Have the drivers of equity price appreciation run out of steam?
Given the current uncertainties facing financial markets it is worth taking a longer-term view of the relationship between equity prices, bond yields and earnings. Looking back over the history of equity and bond markets since the late 1980s we observe a secular decline in Treasury yields and corresponding rise in equity prices – which reflects expanding P/E multiples (i.e., share price relative to earnings), due in large part to the drop in yields, as well as rising earnings. More recently, however, bond yields appear to be bottoming while earnings have flattened – neutralizing the two main drivers of equity price appreciation over the last three decades.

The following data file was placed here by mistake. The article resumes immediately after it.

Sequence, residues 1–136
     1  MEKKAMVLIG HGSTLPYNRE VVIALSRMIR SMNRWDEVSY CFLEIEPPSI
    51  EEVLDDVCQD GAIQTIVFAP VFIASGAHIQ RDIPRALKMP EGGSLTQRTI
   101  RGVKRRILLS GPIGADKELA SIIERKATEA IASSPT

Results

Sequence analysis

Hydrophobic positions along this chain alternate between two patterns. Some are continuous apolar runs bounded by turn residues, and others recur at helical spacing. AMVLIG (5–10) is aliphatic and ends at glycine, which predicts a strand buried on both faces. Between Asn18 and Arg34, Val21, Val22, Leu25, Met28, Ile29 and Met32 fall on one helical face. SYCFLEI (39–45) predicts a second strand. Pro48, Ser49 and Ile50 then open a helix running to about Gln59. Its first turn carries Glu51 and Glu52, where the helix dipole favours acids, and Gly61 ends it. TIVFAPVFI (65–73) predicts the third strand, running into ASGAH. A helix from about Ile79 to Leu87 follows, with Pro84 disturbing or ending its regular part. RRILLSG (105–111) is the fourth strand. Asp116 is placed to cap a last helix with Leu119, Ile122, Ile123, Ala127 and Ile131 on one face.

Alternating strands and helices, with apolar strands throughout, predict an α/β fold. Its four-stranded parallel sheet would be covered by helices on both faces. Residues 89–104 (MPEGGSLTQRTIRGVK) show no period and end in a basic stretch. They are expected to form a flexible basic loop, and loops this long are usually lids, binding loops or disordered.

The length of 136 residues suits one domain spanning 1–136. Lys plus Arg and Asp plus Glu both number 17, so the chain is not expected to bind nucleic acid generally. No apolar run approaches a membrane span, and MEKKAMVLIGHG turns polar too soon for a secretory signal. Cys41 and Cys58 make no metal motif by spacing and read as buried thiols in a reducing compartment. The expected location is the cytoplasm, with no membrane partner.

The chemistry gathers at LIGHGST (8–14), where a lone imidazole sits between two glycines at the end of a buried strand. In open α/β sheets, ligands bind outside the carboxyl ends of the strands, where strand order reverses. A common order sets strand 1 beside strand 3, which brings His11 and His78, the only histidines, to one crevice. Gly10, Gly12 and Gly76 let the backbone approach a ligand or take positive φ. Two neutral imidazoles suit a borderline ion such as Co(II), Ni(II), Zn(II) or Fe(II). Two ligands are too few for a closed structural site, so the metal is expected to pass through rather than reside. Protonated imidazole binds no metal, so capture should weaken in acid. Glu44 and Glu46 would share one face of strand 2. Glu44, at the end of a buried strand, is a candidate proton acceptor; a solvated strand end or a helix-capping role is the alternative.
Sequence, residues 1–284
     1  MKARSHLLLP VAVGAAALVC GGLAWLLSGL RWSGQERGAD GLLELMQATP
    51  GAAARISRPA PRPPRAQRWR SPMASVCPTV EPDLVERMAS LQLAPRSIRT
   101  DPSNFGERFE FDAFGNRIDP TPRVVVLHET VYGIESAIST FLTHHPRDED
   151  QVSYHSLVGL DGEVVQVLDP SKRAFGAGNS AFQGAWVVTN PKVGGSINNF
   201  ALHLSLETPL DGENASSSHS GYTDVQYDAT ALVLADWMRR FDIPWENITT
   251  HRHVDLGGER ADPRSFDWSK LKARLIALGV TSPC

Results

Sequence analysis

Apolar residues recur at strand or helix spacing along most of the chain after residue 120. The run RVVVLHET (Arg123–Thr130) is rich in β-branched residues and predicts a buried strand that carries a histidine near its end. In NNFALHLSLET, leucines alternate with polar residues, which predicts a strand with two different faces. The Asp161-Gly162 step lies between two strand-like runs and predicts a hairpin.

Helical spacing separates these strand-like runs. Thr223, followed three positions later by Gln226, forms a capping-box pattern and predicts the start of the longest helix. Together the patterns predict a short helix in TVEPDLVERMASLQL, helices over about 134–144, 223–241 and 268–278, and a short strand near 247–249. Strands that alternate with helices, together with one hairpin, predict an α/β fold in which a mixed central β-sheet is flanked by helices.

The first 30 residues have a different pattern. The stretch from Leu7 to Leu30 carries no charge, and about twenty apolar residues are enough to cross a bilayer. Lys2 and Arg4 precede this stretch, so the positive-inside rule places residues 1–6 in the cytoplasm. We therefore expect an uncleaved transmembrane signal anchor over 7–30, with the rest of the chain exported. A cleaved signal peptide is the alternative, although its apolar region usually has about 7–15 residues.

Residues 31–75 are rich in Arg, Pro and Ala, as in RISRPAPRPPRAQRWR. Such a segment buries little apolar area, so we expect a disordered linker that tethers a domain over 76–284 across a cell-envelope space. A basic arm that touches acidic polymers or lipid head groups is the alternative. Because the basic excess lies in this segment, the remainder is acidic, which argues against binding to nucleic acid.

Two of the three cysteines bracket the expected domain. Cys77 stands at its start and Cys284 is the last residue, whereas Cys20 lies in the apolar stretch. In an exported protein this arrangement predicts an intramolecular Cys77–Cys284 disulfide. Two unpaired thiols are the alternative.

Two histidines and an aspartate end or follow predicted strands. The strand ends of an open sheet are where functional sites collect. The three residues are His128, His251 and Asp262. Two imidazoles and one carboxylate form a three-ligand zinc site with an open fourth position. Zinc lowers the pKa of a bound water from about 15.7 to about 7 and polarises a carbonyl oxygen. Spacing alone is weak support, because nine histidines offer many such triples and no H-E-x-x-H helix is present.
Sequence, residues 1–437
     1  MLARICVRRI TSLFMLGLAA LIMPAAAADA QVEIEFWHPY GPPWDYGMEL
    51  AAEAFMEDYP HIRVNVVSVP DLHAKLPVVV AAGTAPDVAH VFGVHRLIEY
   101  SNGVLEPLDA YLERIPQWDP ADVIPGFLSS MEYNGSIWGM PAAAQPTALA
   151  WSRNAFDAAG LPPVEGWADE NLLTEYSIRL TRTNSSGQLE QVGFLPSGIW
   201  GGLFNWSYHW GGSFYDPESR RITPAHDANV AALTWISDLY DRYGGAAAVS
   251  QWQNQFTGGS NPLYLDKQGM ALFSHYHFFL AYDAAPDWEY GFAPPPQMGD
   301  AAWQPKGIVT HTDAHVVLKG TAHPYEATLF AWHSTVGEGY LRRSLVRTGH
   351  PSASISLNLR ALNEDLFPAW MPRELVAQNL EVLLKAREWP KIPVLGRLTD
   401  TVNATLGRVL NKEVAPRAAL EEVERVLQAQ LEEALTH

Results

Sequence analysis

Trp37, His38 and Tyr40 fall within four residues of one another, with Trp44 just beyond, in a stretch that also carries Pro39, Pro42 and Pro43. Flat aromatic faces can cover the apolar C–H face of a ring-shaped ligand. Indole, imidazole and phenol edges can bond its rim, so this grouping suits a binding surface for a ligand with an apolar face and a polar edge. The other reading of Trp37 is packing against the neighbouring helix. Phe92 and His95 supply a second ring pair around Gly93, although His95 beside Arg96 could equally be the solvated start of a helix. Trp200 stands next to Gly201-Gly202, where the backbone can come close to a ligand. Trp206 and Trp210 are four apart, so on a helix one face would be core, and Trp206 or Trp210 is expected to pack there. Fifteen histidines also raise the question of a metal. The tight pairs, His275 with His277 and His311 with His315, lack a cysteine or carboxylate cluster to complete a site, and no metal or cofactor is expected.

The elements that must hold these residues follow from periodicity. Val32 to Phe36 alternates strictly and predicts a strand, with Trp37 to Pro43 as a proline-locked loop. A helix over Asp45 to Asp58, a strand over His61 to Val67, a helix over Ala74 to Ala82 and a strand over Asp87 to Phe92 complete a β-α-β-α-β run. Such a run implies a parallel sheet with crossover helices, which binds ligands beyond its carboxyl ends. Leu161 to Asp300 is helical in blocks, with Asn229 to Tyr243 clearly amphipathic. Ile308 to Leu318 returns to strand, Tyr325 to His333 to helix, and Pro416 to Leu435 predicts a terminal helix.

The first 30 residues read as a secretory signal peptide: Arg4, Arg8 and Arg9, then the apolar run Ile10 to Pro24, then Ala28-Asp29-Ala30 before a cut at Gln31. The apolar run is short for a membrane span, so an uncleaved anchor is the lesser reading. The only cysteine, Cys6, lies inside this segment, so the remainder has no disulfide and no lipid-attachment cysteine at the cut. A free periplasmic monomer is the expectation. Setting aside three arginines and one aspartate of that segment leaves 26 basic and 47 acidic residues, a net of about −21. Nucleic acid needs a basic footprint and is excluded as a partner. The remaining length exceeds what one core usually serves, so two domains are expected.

The current environment of slow but steady economic growth and inflation suggest an end to the secular decline in bond yields once 10-year Treasuries top 2.5% - with a likely levelling off in a range between 3% and 4%. The wild card is future earnings growth given the new administration’s markedly different approach to taxes, regulation, industrial and trade policy implying a higher risk premium for equities. This suggests that current P/Es are too high on both counts and stocks overpriced.
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